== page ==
TOLEDO, Ohio (WTVG) – Inflation is impacting the work of a local wildlife rescue organization on a number of levels.
Nature’s Nursery relies on donations of time, money, and supplies to help care for thousands of injured and orphaned wild animals every year.
High gas prices and inflation are putting a strain on the operation right now. Executive Director Allison Schroeder said expenses are at a high.
“All of our overhead costs are on the rise,” Schroeder said.
At the same time, Schroeder says 2022 is on track to be one for the record books. “We are at over 2,200 animals right now. Our busiest year ever for admissions was 2020. We are fifty over where we were at this point that year.”
Caring for all those animals takes a lot of people and many of them are volunteers. Volunteer Coordinator Rita Chovan said the volunteers are an essential piece of the daily operations.
“The volunteers are everything. We couldn’t do all we do without them.”
But a lot of the volunteers have been affected by the high gas prices. Some aren’t able to help transport animals. Chovan said others have had to cut down on the number of days they help at the center.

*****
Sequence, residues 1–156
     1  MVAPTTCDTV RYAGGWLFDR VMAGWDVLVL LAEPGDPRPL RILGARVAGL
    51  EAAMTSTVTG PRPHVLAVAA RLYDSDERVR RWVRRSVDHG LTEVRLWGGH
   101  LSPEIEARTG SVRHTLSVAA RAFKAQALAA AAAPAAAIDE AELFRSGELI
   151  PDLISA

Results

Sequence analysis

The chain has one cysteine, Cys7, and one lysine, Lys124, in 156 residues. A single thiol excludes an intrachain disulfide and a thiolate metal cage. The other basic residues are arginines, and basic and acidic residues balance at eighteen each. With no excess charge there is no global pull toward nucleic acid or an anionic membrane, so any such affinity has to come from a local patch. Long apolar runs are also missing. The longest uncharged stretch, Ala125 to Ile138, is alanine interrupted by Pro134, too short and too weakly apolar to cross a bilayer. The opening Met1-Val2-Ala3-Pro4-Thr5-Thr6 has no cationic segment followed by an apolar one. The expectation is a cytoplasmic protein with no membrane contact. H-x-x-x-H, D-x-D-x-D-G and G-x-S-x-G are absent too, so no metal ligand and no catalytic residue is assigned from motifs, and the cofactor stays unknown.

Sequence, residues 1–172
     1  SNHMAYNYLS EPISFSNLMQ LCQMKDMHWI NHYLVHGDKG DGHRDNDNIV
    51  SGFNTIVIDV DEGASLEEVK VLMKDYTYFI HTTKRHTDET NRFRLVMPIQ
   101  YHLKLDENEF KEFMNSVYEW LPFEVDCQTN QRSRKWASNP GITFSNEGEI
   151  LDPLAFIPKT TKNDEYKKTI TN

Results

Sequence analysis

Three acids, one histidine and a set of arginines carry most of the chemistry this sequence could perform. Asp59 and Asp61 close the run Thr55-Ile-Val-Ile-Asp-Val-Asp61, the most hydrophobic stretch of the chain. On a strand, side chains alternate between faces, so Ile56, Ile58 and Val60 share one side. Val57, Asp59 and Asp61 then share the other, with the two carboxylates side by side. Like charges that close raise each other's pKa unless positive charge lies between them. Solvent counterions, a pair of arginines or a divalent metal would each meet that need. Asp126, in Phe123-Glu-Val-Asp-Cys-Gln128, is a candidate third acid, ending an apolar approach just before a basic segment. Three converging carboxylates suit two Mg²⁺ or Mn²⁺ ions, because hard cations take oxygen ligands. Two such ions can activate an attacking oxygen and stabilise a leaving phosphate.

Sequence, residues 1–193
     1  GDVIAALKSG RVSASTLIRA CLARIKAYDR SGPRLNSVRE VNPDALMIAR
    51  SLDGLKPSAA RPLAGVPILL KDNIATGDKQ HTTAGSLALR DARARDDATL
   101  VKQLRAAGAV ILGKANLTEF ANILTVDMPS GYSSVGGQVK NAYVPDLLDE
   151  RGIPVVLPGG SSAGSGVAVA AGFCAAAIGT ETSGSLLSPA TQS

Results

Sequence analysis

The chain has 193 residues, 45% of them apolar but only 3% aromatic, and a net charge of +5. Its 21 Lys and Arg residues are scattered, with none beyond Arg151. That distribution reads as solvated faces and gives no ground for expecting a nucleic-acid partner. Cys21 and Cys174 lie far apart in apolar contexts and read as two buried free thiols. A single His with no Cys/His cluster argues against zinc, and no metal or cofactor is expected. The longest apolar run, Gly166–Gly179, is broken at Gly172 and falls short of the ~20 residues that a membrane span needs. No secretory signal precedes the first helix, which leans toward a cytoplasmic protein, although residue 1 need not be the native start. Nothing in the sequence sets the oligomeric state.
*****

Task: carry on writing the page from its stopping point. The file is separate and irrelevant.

“People can’t be here as much as they want to when gas is $5 a gallon. Many of our volunteers drive long distances to help, and some of them just aren’t able to do that right now,” Chovan said.
The price of produce is also taking a bite out of the budget. Schroeder said people have been donating produce from their gardens. “We’ve also been doing some of our own gardening. Volunteers have been growing things here on site. It’s just a small impact, but we are doing everything we can.”
Schroeder said donations of things like paper towels and cat food are also critical. “Being able to have those things donated is huge. It’s less we have to pay out of pocket.”
Nature’s Nursery is moving to a new building in Waterville and Schroeder said that the project will likely cost more, too. “The contractors say material costs are higher than expected. So there will be fluctuation with the cost of that project as well.”
Even with all the challenges, Chovan said the animals will always get the help they need. “The animals are never going to suffer. They will always come first. We’ll stay late and come in early. We’re here holidays. This is a seven-day-a-week job. We have so many dedicated volunteers we are so grateful for. “
There are a lot of ways you can help Nature’s Nursery fill the gaps. In addition to supplies and money, they’re asking for donations of gas cards to give to people who volunteer their time to transport injured and orphaned animals. Click here, to learn more.
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